|Image via the BBC|
Last Tuesday, the Library Trainees found themselves inside a big blue box containing all of time and space, floating outside this galaxy. That's perhaps a slight exaggeration, but as they visited the BBC's purpose-built archive centre at Perivale, containing over 12 million documents, radio programmes, television programmes, photos, sheet music and vinyl collections, it's only a slight one.
|One of these people is not a library trainee.|
Located in a former Cadbury's factory, the facility has been constructed to order to deal with the unique needs of this astoundingly comprehensive archive. Nine climate controlled vaults, each with individually adjustable temperature and relative humidity, take up much of the space, filled with rows and rows of rolling stacks - nearly 60 miles worth, if put end to end.
|Image via M&H Online|
The archive aims not only to store for posterity the different forms of media produced by the BBC, but it is also a working resource providing information and items for use or research - if a programme or documentary shows a clip from a BBC programme, it has almost certainly been sought out and copied by the industrious elves working away deep within the Archives. Specialized researchers also respond to queries about footage and sounds from the ridiculous to the sublime ("footage of the Titanic sailing into New York" was one example of the former).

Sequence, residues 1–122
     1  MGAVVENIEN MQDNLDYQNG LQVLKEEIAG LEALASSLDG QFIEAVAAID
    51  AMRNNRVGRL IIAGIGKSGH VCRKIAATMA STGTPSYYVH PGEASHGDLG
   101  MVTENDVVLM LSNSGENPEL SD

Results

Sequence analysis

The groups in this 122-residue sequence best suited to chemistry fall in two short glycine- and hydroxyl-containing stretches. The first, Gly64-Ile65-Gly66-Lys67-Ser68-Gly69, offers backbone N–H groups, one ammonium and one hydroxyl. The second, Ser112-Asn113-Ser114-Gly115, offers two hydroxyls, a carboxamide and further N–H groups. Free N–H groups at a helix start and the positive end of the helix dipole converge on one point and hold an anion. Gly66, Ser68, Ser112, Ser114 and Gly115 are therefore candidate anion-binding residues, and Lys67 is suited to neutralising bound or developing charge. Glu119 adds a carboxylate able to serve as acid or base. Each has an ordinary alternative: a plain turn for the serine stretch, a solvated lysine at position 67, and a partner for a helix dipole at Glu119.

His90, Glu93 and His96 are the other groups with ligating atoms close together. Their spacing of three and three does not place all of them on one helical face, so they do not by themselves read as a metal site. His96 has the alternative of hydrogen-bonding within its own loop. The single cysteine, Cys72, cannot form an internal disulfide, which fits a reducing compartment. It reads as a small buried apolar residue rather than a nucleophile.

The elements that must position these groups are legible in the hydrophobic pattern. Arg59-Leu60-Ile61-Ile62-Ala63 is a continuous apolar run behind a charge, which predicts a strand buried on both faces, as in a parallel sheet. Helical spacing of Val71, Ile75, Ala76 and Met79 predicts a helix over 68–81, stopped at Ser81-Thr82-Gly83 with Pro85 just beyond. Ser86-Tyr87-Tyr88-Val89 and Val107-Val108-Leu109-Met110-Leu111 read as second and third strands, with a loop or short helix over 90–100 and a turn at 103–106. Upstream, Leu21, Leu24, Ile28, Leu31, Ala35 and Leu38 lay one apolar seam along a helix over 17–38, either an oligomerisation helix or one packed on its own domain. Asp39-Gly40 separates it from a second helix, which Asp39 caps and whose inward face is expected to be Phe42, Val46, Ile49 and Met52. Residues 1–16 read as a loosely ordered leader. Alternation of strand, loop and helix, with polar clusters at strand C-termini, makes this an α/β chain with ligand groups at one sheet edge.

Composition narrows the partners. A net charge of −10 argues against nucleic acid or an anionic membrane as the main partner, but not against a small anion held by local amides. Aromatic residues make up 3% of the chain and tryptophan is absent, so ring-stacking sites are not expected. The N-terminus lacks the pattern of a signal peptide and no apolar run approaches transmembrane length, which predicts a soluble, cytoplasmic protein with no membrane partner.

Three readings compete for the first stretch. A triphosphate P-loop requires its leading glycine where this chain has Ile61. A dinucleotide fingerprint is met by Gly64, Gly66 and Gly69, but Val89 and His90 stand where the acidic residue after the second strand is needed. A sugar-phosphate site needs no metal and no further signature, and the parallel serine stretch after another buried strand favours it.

|Image via Bruynzeel|
Growing at a rate of over 6000 hours of radio and over 1500 hours of television every month, and containing everything from early cylinder recordings to the entire back catalogue of Bill and Ben the Flower Pot Men, the archive is astonishing in its breadth and depth.
Guardian Tech Weekly podcast about the Archives: http://www.guardian.co.uk/technology/blog/audio/2010/aug/18/bbc-archive-roly-keating-windmill-road